In 1961, UMD began the process of constructing 34 fallout shelters on campus to accommodate more than 7,000 people. Shelters were located in the basements and hallways of academic buildings and residence halls. By 1971, there were 43 shelters on campus. The largest shelter, located in the Physics Building, could accommodate 2,472 people while the smallest fallout shelter, in Montgomery Hall, had space for only 50 people. Each shelter stocked enough rations to supply each resident with 8 survival biscuits for breakfast and lunch, 10 for dinner, and 4 cups of water per day. Not the most lavish of meals, but enough to sustain 23,000 people for 2 weeks!
The University’s Residence Hall Council even sponsored a course in fallout center management for interested students. The course involved simulations of conditions and situations that could arise in a fallout shelter during a nuclear emergency. Students could volunteer to participate in the exercise, spending 24 hours overnight in a fallout shelter in Denton Dining Hall. Students ate survival foods and practiced scenarios like decontaminating outsiders who could infect shelter inhabitants with radiation. Female students were even excused from the strict rules of nightly curfews to experience fallout shelter life. The course proved popular and occurred several times and in several different locations across campus in 1966 and 1967.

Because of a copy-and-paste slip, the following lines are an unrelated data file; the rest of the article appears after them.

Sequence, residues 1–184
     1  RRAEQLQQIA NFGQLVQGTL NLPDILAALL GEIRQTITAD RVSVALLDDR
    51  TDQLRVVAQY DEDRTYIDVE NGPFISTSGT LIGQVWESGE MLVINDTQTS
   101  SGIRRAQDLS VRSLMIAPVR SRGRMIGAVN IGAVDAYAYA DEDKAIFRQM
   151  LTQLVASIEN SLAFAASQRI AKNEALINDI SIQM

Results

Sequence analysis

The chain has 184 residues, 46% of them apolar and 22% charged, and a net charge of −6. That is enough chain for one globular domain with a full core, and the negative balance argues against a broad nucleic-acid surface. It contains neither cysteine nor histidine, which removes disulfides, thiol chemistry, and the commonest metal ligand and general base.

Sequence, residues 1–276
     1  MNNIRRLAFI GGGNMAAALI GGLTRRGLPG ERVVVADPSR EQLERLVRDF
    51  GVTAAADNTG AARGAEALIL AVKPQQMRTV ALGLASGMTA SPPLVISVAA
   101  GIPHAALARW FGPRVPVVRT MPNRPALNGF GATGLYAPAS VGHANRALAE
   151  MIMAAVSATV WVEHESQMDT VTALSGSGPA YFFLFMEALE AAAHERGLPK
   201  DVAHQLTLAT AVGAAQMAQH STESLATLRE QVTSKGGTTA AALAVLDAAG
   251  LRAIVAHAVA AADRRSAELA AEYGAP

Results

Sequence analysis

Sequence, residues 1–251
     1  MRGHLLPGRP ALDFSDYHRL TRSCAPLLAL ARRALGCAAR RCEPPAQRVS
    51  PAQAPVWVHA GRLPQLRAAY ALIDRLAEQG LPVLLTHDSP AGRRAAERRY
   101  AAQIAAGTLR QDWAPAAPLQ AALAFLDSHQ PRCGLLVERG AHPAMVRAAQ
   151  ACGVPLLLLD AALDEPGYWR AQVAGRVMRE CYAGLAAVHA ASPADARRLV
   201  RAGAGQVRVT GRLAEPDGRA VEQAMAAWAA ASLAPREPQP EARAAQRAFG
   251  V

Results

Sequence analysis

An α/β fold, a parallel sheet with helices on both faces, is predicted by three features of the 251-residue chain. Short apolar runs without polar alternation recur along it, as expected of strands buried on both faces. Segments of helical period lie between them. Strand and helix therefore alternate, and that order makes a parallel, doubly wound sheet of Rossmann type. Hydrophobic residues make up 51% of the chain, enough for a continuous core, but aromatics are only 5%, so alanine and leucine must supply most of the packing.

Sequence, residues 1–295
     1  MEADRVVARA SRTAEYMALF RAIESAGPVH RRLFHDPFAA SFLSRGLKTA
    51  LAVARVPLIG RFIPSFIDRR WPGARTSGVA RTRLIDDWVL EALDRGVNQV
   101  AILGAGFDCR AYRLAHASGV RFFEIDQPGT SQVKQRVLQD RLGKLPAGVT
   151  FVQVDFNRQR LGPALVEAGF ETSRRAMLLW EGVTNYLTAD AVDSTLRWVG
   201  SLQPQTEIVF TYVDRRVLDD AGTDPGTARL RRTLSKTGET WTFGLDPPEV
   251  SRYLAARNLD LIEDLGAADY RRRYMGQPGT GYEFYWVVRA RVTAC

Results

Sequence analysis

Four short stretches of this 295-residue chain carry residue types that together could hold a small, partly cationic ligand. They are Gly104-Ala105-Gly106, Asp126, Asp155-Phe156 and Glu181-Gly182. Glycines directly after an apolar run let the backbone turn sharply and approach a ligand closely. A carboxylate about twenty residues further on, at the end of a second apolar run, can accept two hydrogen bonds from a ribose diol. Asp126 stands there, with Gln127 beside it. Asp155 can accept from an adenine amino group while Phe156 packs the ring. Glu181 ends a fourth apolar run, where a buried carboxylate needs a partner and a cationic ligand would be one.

The University of Maryland also participated in community efforts to prepare for a nuclear attack. In 1961, the Prince George’s County Office of Civil Defense published a call for applicants in The Diamondback. Married college students with families were asked to participate in an experiment in living one week in an underground fallout shelter at Prince George’s Plaza. The Diamondback wrote: